Tuesday, March 01, 2011

Edmund White: Skinned Alive

I've just finished reading this collection of short stories by the ever-brilliant Edmund White. I did my gay growing-up on A Boys Own Story and The Beautiful Room is Empty and I've since covered some of his other ground too but this collection has almost taken me back to those Boy's Own Story days.

Obviously White has some beautiful and stirring turns of phrase - but any good writer can happen on a few of those in the course of a book. What I think White does in amazing way is to condense a whole world of feelings into a short space and to write about them in a matter-of-fact way with no verbal gymnastics and in a way which makes you think, 'yes, I know that's true'. It is fiction that borders on a plays with the documentary.

In the story 'Palace Days', for example, two characters are staying together in Venice. Both are HIV+ and one is very ill, certainly coming towards the end. They have been friends forever and the healthy man ponders the strange situation of the two of them being together in Venice at that time:

"He wanted to know how to enjoy these days without clasping them so tightly he'd stifle the pleasure. But he didn't want to drug himself on the moment either and miss out on what was happening to him. He was losing his best friend, the witness to his life. The skill for enjoying a familiar pleasure about to disappear was hard to acquire. It was sort of like sex. If you were just unconsciously rocking in the groove you missed the kick, but if you kept mentally shouting 'Wow!' you shot too soon. Knowing how to appreciate the rhythms of these last casual moments - to cherish them while letting them stay casual - demanded a new way of navigating time."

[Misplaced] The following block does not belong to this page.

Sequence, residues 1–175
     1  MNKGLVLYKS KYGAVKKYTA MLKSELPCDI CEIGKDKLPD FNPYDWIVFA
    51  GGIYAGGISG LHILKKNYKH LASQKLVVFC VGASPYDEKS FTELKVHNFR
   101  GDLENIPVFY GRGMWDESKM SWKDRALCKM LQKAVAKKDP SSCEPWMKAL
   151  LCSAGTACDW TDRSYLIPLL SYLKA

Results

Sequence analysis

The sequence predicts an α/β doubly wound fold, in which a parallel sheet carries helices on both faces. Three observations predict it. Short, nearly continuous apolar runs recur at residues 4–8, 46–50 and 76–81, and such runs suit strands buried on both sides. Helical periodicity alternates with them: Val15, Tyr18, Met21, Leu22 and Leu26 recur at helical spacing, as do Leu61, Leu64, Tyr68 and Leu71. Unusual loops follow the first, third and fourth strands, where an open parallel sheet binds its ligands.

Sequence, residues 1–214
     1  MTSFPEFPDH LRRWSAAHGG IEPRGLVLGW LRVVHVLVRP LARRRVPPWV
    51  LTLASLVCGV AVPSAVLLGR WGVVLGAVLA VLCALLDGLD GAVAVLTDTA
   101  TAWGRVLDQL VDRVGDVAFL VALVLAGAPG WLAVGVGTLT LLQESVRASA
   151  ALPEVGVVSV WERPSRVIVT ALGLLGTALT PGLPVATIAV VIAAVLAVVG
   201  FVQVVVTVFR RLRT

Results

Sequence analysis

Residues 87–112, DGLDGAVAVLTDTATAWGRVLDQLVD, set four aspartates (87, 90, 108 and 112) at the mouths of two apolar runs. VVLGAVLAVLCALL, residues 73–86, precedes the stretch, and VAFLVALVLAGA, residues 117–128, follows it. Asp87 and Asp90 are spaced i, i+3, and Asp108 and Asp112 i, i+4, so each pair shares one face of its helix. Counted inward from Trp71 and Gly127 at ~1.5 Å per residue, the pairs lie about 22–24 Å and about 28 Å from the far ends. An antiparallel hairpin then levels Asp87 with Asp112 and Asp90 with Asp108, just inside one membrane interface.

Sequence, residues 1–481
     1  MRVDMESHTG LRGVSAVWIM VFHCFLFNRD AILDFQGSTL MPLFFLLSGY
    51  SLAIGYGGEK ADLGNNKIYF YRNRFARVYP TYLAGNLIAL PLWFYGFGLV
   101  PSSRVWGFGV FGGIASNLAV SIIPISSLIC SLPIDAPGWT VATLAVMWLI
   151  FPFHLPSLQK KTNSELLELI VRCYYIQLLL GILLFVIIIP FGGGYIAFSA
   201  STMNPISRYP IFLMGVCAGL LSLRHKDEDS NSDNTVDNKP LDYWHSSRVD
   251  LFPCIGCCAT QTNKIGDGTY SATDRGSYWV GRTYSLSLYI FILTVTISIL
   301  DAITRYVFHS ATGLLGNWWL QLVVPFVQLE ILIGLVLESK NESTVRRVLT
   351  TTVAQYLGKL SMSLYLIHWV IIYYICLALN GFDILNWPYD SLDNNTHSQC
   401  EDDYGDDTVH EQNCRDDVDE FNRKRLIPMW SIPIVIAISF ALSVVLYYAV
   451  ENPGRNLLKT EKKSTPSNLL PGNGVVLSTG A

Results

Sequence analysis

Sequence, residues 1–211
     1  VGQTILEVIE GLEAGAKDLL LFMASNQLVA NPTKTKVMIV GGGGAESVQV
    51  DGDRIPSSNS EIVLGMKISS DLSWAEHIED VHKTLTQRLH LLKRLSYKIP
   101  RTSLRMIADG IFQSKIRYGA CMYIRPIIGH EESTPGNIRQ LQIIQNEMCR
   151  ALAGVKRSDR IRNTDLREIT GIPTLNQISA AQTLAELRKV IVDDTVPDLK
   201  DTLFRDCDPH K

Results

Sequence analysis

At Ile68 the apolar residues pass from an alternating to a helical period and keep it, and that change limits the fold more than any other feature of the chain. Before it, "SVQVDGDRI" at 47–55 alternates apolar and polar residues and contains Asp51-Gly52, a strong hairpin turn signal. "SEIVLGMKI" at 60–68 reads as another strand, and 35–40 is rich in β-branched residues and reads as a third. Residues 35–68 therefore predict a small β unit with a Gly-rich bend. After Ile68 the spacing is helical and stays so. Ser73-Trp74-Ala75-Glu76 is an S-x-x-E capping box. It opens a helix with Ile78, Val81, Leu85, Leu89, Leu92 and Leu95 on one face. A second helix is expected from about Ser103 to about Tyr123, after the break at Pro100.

I don't know many authors in English who can capture such complex and difficult emotion and put it into one paragraph of simple words.

Of course, one of the other reasons for picking up this book is the cover. A photograph by Herbert List which, among a body of work that includes some very finely erotic images, must be one of the most beautiful. Herbert List is, for me forever linked in time with Edmund White in the late 1980s, a time when List's black and white work popped up all over the High Street in shops like the late, lamented Athena. Ah, those were the days....

I thought I would end this post by having a quick display of List's photos but I discover there is a surprising lack of them on the Internet in any decent size. The best collection in one place I could find was at Manfred Unger's blog but, again, none of these enlarge to any great size.


Matthew said...

I found a signed Edmund White in a second hand bookshop in Dorchester. Proof that things turn up in the most unexpected places.

Matthew said...

(As if to prove my point, the "word verification" part of your comments system just asked me to identify and type the characters "glans".)

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